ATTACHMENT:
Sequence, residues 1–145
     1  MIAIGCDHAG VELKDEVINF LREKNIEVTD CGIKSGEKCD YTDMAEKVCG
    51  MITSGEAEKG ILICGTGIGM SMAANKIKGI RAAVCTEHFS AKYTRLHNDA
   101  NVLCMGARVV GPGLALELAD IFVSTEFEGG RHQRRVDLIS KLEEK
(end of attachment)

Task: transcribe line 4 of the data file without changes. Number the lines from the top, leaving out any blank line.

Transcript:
   101  NVLCMGARVV GPGLALELAD IFVSTEFEGG RHQRRVDLIS KLEEK